Small firm earns global recognition

19:35, May 08 2012
Tony Wytenburg, Classic Aero machining Service.

Blenheim aviation engineer Tony Wytenburg has not quite reached his goal to make money in his sleep, but is enjoying the journey.

In 2004 the Classic Aero Machinery Services owner started out by himself, working from a hangar in Omaka, building parts for old warplanes.

Eight years later, Mr Wytenburg has built a reputation on having the ability to machine safe, classic aircraft pieces with exports to the United States worth $100,000 last year.

To make new parts, he first draws them on his computer before entering the program into the CNC mill, which has a range of carbide tools for cutting aluminium, plastic and steel. After programming the mill, he pushes a button and walks away, he said.

"My ambition is to make money while I sleep, and while I'm not quite there yet, I'm having fun doing it.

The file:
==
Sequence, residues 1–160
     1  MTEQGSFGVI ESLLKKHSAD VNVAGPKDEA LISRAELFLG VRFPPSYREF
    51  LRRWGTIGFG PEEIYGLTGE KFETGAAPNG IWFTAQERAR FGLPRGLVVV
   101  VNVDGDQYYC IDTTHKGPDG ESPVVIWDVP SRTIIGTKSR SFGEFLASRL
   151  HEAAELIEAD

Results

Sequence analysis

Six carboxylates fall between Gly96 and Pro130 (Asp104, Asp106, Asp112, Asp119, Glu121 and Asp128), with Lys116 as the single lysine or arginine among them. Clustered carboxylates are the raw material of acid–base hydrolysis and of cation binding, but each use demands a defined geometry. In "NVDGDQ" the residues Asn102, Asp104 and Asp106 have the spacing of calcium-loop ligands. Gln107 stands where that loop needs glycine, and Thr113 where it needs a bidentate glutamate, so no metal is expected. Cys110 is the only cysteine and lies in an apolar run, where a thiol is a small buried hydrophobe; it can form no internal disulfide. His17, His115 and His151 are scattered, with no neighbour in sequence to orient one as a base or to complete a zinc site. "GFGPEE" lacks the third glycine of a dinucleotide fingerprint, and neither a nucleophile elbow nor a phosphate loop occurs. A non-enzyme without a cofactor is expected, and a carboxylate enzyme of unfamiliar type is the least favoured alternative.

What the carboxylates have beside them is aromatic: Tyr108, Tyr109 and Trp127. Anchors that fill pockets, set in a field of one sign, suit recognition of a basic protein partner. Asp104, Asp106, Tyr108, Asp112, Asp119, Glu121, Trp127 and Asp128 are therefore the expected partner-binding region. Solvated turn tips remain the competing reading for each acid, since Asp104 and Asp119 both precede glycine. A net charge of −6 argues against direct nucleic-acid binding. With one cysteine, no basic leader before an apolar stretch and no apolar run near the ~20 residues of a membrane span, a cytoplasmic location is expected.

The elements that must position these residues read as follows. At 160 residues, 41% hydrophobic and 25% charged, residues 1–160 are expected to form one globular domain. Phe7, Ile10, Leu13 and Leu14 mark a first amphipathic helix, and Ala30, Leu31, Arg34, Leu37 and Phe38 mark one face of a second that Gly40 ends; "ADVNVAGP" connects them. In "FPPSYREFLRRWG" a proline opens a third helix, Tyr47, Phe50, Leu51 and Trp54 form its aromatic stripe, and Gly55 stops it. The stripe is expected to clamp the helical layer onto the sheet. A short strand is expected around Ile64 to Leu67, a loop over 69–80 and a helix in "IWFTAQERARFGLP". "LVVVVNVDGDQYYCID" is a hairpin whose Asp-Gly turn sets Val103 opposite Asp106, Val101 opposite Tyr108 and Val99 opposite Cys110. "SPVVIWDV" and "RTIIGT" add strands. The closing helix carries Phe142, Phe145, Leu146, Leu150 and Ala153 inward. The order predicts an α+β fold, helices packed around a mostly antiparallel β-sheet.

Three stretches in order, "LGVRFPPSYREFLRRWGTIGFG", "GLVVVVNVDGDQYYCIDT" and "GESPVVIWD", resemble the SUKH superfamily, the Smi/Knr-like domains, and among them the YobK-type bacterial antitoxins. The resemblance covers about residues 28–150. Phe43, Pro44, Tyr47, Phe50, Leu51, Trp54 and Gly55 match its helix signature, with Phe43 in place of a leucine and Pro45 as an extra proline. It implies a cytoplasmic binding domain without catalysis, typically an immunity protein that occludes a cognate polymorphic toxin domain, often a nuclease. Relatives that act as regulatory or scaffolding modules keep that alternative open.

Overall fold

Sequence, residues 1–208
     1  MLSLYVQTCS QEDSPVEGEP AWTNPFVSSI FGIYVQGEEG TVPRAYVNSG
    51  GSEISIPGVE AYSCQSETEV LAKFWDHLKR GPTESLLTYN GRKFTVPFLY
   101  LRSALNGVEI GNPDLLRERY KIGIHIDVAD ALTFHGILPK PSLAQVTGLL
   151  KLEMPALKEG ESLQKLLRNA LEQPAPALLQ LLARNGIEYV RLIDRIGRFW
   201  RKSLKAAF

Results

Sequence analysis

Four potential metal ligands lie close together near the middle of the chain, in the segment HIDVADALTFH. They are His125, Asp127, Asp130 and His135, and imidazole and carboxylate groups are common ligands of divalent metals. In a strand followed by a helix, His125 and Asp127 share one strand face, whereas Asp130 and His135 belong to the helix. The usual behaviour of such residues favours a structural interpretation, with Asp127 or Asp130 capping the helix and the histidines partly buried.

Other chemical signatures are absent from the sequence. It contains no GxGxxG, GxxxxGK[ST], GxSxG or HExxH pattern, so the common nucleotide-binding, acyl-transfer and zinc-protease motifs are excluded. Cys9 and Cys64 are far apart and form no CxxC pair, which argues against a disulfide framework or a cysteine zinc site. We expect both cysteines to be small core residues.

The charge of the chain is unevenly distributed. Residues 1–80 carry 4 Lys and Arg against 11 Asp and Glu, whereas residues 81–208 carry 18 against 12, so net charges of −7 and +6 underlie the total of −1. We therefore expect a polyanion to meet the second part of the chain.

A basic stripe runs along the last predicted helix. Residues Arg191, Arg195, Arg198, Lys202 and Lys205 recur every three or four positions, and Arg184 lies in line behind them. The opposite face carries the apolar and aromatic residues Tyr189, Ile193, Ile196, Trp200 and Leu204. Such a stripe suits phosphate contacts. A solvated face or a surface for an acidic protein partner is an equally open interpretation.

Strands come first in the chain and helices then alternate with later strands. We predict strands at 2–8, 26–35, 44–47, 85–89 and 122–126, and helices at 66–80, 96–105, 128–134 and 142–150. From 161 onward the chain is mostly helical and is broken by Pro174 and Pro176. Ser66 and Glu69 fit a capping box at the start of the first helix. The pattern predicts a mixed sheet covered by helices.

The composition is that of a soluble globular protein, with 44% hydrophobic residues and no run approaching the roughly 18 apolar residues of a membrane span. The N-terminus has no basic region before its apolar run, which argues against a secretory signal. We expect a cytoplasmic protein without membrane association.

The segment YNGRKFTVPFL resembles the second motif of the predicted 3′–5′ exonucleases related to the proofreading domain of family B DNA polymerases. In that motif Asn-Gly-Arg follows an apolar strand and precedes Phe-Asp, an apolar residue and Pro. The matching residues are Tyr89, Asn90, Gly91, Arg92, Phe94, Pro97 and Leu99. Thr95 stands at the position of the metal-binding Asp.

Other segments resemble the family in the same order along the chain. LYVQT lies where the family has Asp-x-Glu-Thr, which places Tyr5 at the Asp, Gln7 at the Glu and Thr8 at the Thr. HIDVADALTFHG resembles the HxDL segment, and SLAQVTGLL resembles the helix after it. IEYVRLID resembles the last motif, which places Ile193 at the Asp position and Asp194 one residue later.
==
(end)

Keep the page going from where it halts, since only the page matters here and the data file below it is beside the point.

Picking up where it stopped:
"It's important to get it right, it has taken a long time to get to this point and build up the clients, and it's had its challenges like finding where to source parts and equipment from."


Oshkosh, the week long aviation event held annually in Wisconsin United States, is the perfect networking opportunity to catch up with new and existing customerss, and he tries to get there every year.

Most of his work now came from word of mouth referrals, he said.

Mr Wytenburg grew up in Dunedin and studied fitting, turning and machining at the Otago Polytechnic. His ability to do all parts of the design and machining process, him apart from his counterparts in the United States, he said.

"We stand out in the American market, because we do everything – drawing, programming, machining, finishing and then we package it up and send it away to them. Over there they have someone different doing each job."

Until six months ago, Mr Wytenburg was flying solo but then the work load got too heavy so he employed another person fulltime.

While he mostly works in aviation engineering, he has plenty of customers who approach him because of his ability to make or modify a piece of machinery to improve its function, he said.

"I don't go out of my way hunting general engineering work, but people who know the work I do approach me if they have a problem and I never say no."

The Marlborough Express